A PROFESSOR of architecture has told a Scottish meeting of civil engineers that lack of historical knowledge about the design of structures could only be to the detriment of their profession.
Professor Andy McMillian of Paisley University told a meeting of Glasgow and West of Scotland ICE that while architects received a thorough foundation in the history of structures, engineers did not.
McMillian illustrated what historical training could bring to creative design with slides showing the Egyptian pyramids, Parthenon
in Athens, Big Ben and the Eiffel Tower.
The slides were examples of structures which reflect people's desire to know where they are and the sense of reassurance that this brings: 'Human beings recognise and remember objects of unique configuration,' said McMillian.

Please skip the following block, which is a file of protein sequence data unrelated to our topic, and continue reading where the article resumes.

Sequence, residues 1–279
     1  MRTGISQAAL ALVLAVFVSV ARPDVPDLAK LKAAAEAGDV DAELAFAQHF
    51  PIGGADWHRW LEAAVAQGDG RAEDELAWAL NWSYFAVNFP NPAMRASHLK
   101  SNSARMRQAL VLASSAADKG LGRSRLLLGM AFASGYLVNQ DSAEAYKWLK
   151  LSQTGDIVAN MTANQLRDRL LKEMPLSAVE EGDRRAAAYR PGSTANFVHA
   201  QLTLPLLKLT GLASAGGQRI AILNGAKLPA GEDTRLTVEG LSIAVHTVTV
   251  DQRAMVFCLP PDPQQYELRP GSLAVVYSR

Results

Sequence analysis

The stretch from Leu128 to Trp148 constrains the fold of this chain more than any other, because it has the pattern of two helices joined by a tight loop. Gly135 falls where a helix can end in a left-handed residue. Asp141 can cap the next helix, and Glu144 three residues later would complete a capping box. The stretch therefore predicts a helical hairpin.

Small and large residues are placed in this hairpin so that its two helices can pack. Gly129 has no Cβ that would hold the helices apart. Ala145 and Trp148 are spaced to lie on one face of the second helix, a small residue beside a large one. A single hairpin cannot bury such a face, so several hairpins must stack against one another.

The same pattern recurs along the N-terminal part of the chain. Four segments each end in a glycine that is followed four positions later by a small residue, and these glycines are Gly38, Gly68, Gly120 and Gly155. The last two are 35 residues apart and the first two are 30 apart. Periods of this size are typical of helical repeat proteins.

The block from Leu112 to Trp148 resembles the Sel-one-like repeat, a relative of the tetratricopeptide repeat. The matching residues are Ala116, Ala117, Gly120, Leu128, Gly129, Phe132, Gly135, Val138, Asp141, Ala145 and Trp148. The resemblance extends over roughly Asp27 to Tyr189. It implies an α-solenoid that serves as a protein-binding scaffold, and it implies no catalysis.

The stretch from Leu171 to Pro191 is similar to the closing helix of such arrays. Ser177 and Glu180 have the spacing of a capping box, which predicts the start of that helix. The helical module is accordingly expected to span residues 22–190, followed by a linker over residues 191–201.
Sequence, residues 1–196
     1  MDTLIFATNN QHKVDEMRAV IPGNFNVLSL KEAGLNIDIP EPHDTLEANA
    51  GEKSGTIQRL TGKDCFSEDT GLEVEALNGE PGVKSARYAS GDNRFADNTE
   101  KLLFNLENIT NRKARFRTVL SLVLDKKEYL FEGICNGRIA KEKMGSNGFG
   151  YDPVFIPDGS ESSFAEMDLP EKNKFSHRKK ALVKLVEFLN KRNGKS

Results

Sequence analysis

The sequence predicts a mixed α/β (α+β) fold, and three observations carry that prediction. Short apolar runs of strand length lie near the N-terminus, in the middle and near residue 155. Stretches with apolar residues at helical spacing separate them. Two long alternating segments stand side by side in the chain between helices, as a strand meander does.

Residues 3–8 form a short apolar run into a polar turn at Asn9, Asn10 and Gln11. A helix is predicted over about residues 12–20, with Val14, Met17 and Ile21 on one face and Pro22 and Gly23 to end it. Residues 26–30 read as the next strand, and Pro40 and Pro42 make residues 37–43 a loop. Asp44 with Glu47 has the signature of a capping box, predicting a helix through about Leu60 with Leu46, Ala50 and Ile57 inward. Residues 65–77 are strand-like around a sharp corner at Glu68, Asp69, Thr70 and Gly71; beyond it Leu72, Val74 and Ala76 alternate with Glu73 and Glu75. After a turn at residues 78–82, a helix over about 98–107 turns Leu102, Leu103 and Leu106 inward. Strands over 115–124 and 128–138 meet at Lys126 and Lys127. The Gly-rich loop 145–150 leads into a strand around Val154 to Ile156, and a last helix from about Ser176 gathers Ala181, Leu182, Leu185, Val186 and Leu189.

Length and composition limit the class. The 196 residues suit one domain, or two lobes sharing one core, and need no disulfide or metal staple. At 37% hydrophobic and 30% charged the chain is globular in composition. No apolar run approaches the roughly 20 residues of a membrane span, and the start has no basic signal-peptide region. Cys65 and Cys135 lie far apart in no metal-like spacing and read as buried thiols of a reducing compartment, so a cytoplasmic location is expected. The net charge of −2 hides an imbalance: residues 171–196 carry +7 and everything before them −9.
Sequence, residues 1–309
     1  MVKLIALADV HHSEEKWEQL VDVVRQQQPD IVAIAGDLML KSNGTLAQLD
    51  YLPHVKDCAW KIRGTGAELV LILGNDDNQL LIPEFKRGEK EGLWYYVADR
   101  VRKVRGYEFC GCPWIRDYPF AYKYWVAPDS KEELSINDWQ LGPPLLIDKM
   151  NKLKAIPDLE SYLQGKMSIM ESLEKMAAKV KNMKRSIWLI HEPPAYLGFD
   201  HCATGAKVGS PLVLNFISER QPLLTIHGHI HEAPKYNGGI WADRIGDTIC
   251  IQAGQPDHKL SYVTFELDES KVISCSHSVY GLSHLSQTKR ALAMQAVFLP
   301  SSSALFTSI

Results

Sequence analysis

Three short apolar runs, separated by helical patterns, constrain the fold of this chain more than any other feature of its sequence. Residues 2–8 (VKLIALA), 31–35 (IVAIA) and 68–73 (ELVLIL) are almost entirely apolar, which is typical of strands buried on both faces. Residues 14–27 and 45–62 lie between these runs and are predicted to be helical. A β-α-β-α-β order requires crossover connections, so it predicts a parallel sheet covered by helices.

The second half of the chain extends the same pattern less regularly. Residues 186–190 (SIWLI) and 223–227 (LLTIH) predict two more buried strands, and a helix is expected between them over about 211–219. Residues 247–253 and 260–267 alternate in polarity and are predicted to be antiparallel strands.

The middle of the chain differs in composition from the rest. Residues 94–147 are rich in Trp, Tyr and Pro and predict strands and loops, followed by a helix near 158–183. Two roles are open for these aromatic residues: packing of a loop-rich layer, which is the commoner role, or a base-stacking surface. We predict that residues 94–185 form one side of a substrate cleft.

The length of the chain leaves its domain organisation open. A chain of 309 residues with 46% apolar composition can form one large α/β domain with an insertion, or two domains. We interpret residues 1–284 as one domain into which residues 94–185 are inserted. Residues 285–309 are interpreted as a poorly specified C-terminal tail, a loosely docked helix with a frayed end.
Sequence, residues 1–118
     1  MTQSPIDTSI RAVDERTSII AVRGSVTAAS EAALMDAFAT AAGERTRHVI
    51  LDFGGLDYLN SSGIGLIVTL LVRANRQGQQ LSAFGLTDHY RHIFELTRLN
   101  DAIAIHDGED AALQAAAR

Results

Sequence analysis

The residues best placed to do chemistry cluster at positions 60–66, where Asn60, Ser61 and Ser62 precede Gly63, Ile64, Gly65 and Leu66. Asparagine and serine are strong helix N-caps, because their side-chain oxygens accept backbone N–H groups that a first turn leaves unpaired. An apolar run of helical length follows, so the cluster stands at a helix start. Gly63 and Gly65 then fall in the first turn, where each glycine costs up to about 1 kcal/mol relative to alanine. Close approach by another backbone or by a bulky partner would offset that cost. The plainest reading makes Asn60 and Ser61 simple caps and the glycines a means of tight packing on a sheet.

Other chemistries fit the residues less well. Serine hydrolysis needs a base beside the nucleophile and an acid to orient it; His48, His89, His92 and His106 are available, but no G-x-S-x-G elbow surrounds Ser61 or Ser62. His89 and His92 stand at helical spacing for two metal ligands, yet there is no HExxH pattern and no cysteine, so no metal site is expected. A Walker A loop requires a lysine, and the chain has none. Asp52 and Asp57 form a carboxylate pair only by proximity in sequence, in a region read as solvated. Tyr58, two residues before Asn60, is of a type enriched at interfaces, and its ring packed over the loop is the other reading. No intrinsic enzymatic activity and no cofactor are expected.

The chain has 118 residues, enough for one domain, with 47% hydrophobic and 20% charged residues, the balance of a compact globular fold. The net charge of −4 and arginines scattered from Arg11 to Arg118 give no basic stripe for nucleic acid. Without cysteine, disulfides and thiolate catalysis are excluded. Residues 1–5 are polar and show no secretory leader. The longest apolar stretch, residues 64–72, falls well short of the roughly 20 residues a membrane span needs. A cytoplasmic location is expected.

He was supported by a member of the audience who read out a passage from an ICE meeting from 1900 calling for students to have a greater understanding of engineering through history.
MacMillian, who is an aesthetic advisor for the Scottish Office, differentiated between beauty and aesthetics. He defined aesthetics as 'an instinctive understanding of why things are right', before showing how the use of colour, texture, exterior detail and scale all contributed to the aesthetic qualities of a structure.
The designer required the talents of a psychologist, sociologist, historian and artist, he said.
McMillian's lecture - advising on aesthetics - was organised by the local association to commemorate Glasgow's role as UK city of architecture and design for 1999.